The Winter War of 1939-1940 – which began less than three months after the start of the Second World War – saw Finland’s forces use innovative tactics to defy Russia’s hopes for a quick, emphatic victory that could have landed Stalin control of the whole country. Above: Russian soldiers captured by Finland

Instead, Soviet troops – who numbered around one million – were fiercely resisted for nearly three months, with dramatic photos showing how vehicles and equipment had to be abandoned in the face of the opposition and freezing conditions. Above: An abandoned Soviet tank 

The Winter War began in November 1939 when Finland refused to agree to the Stalin’s demand to give up territory so he could push Russia’s border westwards.

At the time, Stalin feared an attack by Nazi Germany – which ultimately came in June 1941 – and claimed the need to protect the capital Leningrad (now St Petersburg) from attack.

In September 1939, Adolf Hitler’s forces had invaded and overcome neighbouring Poland after a little over a month of fighting.

In temperatures that were as low as -45F, Soviet troops attacked Finland on several fronts with troops, thousands of tanks, planes and artillery pieces.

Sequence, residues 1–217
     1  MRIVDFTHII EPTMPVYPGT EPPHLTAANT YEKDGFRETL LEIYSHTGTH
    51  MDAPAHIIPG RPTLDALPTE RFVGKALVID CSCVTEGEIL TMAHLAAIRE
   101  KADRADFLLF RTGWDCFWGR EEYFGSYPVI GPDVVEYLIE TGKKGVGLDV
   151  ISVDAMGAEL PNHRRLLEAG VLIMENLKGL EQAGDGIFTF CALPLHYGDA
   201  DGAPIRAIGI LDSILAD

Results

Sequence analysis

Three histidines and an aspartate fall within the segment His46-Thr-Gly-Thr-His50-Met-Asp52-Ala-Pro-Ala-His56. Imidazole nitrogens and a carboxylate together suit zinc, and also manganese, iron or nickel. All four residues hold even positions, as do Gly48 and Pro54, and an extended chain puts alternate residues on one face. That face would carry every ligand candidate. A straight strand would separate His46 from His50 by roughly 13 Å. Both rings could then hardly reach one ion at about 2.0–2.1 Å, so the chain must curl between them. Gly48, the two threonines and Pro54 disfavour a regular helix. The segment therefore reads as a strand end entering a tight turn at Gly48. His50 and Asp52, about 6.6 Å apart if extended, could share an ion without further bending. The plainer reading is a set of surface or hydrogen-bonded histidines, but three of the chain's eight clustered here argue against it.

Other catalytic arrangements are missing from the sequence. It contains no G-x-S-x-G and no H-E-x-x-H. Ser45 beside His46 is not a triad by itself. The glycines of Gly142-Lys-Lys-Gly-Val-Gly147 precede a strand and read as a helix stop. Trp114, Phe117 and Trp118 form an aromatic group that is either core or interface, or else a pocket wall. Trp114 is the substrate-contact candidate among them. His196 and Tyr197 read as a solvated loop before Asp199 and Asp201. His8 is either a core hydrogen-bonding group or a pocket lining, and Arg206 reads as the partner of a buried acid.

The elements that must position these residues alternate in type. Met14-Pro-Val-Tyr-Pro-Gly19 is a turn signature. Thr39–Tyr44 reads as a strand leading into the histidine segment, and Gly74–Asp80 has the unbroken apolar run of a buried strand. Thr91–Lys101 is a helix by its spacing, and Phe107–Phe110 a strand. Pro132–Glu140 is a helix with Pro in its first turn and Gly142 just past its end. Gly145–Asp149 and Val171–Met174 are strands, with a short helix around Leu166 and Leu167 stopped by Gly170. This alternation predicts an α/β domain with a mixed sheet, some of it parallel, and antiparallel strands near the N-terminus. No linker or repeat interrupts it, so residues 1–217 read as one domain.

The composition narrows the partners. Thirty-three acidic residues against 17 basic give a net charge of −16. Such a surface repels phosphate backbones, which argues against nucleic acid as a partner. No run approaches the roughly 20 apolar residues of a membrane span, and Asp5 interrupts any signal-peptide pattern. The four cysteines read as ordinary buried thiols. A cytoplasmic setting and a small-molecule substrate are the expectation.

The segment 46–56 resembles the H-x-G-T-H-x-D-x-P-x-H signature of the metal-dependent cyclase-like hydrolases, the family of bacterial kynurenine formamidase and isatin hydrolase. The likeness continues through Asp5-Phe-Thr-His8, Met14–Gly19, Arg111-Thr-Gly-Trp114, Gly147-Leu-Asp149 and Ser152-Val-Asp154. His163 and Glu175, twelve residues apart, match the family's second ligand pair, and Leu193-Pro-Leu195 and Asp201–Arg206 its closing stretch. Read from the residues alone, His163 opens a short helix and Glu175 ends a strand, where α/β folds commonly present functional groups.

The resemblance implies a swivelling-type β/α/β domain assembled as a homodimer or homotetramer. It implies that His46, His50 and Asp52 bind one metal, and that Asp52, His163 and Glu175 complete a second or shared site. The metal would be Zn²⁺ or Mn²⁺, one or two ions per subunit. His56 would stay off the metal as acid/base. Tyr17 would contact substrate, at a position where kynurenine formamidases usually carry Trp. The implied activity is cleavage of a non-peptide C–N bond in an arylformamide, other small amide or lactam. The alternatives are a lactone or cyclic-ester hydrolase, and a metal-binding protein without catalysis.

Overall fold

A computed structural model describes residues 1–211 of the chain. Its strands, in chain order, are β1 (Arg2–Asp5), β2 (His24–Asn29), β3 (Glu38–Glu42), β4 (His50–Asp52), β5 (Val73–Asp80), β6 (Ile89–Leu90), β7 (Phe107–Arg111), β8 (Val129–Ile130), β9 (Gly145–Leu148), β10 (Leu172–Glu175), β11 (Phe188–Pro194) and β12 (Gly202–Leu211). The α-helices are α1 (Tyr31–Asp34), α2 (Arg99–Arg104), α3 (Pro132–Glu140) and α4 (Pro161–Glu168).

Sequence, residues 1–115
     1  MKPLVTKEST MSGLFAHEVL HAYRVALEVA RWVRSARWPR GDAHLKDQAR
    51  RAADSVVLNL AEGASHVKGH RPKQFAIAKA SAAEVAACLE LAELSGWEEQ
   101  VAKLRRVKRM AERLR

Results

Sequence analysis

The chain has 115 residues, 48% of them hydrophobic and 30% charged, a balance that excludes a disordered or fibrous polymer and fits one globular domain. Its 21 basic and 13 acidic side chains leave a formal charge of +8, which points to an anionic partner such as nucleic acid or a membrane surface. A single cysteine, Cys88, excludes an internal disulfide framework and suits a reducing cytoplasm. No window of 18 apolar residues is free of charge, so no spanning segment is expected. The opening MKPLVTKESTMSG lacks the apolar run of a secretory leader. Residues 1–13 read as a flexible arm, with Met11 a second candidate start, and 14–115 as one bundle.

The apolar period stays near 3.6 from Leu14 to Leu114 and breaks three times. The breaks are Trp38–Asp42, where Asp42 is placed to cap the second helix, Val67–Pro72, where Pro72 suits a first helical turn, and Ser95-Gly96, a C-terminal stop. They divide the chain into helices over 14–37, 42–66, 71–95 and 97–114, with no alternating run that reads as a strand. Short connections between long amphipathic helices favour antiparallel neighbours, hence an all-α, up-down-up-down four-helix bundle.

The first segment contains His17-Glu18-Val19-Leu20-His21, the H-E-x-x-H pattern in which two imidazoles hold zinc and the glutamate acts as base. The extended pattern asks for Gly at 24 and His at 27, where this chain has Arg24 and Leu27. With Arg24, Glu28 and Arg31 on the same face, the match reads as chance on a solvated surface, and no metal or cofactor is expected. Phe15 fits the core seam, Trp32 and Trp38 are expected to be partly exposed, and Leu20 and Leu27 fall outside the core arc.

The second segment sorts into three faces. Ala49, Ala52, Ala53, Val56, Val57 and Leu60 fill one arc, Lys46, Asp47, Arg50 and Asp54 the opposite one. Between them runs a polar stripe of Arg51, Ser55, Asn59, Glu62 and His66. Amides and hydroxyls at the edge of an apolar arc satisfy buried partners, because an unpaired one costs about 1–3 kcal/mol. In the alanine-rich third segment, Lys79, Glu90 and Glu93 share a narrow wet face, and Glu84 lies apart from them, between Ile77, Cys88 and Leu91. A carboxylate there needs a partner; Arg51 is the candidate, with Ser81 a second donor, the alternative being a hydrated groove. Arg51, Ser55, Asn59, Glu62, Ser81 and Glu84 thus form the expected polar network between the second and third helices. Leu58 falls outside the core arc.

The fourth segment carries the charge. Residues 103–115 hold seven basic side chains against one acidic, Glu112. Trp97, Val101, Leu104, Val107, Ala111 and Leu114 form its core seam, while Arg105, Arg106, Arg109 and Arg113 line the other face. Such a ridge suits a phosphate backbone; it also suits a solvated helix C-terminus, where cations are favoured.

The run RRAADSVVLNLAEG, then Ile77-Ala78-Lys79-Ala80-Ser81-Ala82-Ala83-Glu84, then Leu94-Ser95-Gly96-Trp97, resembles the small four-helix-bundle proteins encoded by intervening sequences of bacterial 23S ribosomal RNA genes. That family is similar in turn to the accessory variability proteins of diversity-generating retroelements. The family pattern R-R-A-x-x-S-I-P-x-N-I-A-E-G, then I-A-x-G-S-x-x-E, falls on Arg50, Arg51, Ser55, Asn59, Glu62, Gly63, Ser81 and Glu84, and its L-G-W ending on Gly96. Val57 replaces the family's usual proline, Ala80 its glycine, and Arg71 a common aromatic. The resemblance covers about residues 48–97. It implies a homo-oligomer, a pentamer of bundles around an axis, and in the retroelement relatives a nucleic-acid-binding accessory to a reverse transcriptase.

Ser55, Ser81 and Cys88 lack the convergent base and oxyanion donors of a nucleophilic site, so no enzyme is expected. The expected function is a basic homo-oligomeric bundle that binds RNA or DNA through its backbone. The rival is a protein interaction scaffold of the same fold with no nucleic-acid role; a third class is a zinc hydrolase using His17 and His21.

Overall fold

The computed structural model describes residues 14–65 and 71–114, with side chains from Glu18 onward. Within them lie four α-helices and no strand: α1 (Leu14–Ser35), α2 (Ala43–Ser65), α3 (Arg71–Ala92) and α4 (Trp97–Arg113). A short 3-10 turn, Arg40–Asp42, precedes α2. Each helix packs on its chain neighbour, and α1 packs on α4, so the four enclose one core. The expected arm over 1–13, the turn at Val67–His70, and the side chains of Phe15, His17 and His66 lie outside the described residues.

Finland had access to only a few dozen tanks, around 100 aircraft and very low levels of munitions. 

Led by Marshal Carl Gustaf Mannerheim, the Finnish troops repelled wave after wave of assaults.

Finnish sniper Simo Häyhä emerged a hero after racking up the most sniper kills in the history of warfare

Soviet troops were shown up in their fight against Finland, but ultimately triumphed due to their numerical advantage. Above: A burning Soviet tank

A Russian soldier smiles whilst raising his hands in the air as a Finnish serviceman aims a pistol at him

The Winter War began in November 1939 when Finland refused to agree to the Stalin’s demand to give up territory so he could push Russia’s border westwards. Pictuered: Joseph Stalin

Elsewhere, Finnish ski troops turned the landscape to their advantage to attack isolated Russian units.

Finnish sniper Simo Häyhä emerged a hero after racking up the most sniper kills in the history of warfare.

Aged 33 when the war broke out, Häyhä quickly acquired a fearsome reputation, striking the enemy unseen and unheard from hidden positions up to 300 yards from his target.

Nicknamed The White Death, Häyhä was a prime target for the Soviets, who targeted him with mortars and heavy artillery to halt his killing spree, which once claimed 25 men in one day.

Despite the perils of his situation, Häyhä professed to never feel fear, and would obsessively clean his weapon to make sure it worked in -20C temperatures.